Women are the growing face of business given that 30% of all U.S. businesses–9.4 million in total–are owned by women. Of which, 14% are controlled by black women who are generating $52.6 billion in combined revenues and employing 297,500 workers. With the number of women starting businesses continuing to skyrocket, the greater the need for access to capital to help grow and scale these businesses. Yet, women entrepreneurs continue to get shortchanged when it comes to getting bank loans, venture capital, and angel investments. To help ease this barrier, there are a number of grants available to small businesses.
Here are seven grants black women business owners should consider:
SheaMoisture haircare and skincare products founder Richelieu Dennis announced a $100 million fund for women entrepreneurs of color at the 2018 Essence Festival.
From the girlboss website: “Grants are awarded on a biannual basis to individuals pursuing entrepreneurial endeavors. Each grant beneficiary receives project funding for $15,000, plus exposure through the Girlboss platform and community, as well as local and regional press.”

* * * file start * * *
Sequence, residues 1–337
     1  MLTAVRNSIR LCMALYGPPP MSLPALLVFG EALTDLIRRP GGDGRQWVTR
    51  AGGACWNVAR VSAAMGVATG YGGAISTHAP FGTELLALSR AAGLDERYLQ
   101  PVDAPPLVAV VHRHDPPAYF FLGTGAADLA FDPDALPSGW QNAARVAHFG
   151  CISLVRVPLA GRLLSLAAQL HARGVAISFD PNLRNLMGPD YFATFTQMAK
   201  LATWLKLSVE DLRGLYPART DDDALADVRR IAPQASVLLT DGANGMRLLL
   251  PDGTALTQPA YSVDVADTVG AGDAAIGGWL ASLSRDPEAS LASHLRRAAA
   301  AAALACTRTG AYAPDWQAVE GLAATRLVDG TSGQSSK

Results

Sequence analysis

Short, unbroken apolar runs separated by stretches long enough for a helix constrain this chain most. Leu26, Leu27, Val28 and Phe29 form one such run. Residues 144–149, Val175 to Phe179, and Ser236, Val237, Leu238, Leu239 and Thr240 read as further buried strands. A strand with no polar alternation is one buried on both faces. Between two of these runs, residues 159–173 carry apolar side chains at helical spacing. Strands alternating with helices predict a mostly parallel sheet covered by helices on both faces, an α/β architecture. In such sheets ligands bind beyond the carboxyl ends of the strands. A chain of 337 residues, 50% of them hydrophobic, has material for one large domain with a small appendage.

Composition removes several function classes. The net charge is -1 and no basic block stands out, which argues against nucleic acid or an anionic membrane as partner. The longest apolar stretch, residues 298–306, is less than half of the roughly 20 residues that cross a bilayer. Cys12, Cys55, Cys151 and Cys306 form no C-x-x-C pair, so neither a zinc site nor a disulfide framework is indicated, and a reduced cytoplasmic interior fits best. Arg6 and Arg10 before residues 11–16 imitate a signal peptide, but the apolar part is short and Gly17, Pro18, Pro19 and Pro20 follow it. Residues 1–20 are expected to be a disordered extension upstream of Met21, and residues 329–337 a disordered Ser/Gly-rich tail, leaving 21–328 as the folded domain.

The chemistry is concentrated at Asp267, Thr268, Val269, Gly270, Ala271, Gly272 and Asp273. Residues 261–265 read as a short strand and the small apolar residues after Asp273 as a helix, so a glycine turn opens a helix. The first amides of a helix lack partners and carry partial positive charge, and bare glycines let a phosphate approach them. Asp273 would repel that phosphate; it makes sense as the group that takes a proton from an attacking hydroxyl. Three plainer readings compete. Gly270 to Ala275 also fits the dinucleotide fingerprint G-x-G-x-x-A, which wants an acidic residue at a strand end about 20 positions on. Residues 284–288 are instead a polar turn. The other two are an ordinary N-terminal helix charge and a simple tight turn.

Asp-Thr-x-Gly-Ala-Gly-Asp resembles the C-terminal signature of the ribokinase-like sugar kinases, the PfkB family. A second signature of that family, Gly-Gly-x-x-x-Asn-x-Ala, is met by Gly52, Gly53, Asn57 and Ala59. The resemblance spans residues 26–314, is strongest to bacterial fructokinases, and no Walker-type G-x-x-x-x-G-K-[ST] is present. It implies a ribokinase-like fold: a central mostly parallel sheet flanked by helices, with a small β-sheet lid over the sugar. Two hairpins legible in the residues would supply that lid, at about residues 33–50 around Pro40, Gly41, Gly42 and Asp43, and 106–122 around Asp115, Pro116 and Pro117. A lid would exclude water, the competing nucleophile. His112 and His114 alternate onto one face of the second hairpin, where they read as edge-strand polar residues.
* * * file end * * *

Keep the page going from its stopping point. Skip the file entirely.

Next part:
Share your small-business story and enter for a chance to win the top prize–$25,000. There’s also one $15,000 winner and eight $7,500 winners. Part of the judging involves the general public voting for the finalists, so participants may promote their businesses while garnering votes.
The MBDA is an agency of the U.S. Department of Commerce that assists minorities and women in establishing and growing their businesses. On its site, you can research grants and access links to state agencies that work with women-owned businesses for funding opportunities.
This program allows business owners to apply for financing a particular small business need. Worth up to $4,000 each, past recipients used their growth grants to purchase computers, hire part-time help, and create marketing materials.
Awards $500 to a different women-owned business every month. At the end of each year, one of the 12 grant winners is awarded an additional $2,000. The application is relatively simple: Applicants must explain what your business is and describe what you’d do with the grant money. The foundation’s advisory board chooses the winners, looking for women with passion and a good story.
Search though a database of grants offered to women and minority business owners.